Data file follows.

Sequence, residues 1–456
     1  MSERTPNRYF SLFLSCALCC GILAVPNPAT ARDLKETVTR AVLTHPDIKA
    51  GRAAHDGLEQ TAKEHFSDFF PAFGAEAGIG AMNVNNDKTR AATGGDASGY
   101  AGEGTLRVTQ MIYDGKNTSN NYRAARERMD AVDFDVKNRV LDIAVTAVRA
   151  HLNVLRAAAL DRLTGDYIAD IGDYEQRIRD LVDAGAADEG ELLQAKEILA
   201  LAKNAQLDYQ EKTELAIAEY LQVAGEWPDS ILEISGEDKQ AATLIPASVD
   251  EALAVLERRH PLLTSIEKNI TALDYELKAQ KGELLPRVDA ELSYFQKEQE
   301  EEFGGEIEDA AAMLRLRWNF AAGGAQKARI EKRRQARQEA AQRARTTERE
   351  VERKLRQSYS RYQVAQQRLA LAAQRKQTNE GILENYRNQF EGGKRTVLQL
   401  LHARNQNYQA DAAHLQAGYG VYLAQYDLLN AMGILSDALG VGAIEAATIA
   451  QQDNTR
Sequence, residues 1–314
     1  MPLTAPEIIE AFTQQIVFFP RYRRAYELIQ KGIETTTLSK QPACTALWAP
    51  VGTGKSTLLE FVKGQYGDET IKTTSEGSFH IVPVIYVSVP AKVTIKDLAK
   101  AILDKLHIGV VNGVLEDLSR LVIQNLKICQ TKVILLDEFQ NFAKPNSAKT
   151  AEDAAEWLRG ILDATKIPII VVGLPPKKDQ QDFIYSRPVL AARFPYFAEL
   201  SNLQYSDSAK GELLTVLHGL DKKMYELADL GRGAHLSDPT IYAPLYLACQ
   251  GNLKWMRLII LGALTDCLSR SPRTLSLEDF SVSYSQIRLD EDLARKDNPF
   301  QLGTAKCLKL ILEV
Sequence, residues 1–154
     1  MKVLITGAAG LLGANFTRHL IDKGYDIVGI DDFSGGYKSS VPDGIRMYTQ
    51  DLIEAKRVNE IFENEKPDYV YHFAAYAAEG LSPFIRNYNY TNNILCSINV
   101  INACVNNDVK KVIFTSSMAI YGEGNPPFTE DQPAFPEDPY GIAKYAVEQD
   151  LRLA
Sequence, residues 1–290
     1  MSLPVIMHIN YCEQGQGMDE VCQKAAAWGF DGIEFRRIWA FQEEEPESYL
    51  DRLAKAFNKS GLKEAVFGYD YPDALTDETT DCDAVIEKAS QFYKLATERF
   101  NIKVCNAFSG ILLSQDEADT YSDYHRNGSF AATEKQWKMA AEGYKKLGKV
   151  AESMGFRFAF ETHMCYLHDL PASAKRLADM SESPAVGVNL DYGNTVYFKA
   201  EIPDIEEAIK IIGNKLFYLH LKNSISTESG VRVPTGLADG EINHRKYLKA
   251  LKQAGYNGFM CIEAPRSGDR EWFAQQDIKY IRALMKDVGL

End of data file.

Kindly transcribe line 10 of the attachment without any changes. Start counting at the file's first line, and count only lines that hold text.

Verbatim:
   401  LHARNQNYQA DAAHLQAGYG VYLAQYDLLN AMGILSDALG VGAIEAATIA